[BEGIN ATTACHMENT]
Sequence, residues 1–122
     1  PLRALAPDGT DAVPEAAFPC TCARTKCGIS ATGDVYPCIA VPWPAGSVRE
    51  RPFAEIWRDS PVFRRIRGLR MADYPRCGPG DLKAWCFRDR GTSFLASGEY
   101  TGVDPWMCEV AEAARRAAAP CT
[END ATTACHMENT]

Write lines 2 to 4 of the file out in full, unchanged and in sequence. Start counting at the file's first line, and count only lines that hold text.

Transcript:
     1  PLRALAPDGT DAVPEAAFPC TCARTKCGIS ATGDVYPCIA VPWPAGSVRE
    51  RPFAEIWRDS PVFRRIRGLR MADYPRCGPG DLKAWCFRDR GTSFLASGEY
   101  TGVDPWMCEV AEAARRAAAP CT